A high school basketball coach and teacher was indicted for committing five sexual offenses against two students. He entered into a plea bargain in which he pled guilty to two counts of sexual offenses against a student. In exchange, he received a sentence of 10 years of community supervision (probation), a $ 500 fine, completion of 500 hours of community service, 90 days in the county jail, placement on the sex-offender caseload, and permanent revocation of his teaching certificate. Under the terms of the plea bargain, he was not required to register as a sex offender. However, if he had been convicted at trial, he would have been required to register.

The teacher filed a request for a new trial, alleging that his lawyer did not inform him that he would have to disclose that he was a “sex offender” in order to comply with the terms of his community supervision. He stated that if he had known this, he would have rejected the plea bargain and pursued a trial. The basis of this claim was that, as part of his plea bargain, the teacher agreed to “Sex Offender Special Conditions of Community Supervision” that required him to participate in a sex-offender treatment program where he would have to acknowledge his responsibility for his offenses. His attorney advised him that this condition did not require him to “admit to being a sex offender per se,” so long as he took responsibility for his actions. He also advised him that the treatment program involved polygraphs, classes, counseling and meetings with people who were sex offenders. He further advised the teacher that he had to admit to the offenses to which he pleaded guilty and “be truthful about what he did.”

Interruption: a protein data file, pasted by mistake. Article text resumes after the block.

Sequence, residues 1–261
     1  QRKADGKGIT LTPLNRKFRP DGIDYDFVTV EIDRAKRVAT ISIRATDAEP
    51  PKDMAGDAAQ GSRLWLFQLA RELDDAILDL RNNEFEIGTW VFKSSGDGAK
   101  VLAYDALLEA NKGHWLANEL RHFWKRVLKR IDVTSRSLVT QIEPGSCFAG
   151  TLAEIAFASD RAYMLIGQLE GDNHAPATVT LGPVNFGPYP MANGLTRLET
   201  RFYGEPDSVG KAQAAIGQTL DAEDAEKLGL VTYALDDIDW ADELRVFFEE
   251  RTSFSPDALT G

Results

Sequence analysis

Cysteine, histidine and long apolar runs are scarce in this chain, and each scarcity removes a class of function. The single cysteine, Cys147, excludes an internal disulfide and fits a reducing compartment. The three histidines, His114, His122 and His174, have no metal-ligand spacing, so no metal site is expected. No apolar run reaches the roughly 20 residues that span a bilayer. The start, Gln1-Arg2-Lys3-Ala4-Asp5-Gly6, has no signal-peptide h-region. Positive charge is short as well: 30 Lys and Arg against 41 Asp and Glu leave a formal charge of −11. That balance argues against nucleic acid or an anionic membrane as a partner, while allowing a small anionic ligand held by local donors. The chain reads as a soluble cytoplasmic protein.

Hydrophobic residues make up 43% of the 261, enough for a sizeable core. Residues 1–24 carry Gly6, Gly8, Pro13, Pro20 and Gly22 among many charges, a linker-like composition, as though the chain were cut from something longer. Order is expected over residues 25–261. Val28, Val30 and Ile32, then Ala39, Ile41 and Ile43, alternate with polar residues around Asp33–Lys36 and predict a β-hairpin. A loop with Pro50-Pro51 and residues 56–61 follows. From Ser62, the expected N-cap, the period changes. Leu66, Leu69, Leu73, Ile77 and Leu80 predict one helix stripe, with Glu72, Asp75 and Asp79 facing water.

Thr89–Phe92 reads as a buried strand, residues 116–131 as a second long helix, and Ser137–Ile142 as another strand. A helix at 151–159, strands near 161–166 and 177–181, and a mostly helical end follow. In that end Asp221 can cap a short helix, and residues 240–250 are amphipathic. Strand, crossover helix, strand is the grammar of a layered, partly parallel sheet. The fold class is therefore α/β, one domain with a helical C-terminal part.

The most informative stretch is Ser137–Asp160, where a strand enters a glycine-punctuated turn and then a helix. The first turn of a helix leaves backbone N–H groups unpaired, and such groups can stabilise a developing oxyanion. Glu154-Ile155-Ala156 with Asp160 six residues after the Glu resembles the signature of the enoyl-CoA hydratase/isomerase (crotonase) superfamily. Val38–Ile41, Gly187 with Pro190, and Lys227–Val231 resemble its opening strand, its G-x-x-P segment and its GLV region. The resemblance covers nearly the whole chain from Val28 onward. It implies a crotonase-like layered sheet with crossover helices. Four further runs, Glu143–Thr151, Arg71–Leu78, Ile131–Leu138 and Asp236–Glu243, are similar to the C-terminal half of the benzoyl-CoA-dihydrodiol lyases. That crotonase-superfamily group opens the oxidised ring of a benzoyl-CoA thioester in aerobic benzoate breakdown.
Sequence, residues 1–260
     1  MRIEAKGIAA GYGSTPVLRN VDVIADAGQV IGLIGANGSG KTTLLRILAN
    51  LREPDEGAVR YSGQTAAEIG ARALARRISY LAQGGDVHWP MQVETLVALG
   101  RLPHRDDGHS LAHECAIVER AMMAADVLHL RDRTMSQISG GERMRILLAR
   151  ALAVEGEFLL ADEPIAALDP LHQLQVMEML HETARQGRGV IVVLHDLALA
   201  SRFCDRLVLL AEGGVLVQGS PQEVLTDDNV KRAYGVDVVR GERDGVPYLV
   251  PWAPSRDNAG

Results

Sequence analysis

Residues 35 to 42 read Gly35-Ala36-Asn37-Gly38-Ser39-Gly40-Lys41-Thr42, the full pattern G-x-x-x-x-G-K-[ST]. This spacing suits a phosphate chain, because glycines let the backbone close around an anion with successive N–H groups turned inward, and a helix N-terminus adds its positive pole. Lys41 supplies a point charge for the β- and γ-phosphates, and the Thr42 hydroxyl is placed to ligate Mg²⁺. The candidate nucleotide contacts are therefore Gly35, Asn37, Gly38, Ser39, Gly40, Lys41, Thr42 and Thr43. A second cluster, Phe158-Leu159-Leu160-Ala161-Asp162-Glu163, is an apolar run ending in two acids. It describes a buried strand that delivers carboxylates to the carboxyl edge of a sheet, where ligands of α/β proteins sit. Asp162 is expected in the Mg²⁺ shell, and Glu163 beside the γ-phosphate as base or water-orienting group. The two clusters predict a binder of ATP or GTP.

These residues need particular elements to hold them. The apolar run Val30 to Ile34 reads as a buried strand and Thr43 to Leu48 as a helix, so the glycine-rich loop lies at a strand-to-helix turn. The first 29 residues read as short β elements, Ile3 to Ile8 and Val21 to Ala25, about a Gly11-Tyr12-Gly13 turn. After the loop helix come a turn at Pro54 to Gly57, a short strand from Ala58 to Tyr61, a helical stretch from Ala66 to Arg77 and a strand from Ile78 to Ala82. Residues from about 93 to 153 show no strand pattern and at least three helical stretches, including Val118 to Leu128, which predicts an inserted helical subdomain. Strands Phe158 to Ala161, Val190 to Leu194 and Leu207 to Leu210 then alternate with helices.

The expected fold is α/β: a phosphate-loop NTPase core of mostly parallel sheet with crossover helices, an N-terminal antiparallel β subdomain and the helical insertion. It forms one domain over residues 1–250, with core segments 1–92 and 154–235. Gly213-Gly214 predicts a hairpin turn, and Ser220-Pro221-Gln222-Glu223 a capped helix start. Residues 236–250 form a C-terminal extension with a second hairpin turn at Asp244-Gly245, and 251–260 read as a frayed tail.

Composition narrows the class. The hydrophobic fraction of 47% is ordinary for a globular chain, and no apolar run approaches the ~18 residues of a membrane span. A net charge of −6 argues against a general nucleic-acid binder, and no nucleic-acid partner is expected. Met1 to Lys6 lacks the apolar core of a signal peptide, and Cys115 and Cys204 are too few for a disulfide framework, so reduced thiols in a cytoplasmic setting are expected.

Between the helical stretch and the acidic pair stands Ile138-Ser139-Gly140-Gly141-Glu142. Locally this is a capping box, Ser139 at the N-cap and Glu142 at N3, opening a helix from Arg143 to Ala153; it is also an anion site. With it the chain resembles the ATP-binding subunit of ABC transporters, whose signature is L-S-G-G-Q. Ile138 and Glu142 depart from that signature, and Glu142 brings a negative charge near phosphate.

The court denied the teacher’s request for a trial and he appealed to the court of appeals, which upheld the decision. The court of appeals found that the teacher had voluntarily entered into the plea agreement and that his lawyer had advised him appropriately. The plea bargain was upheld.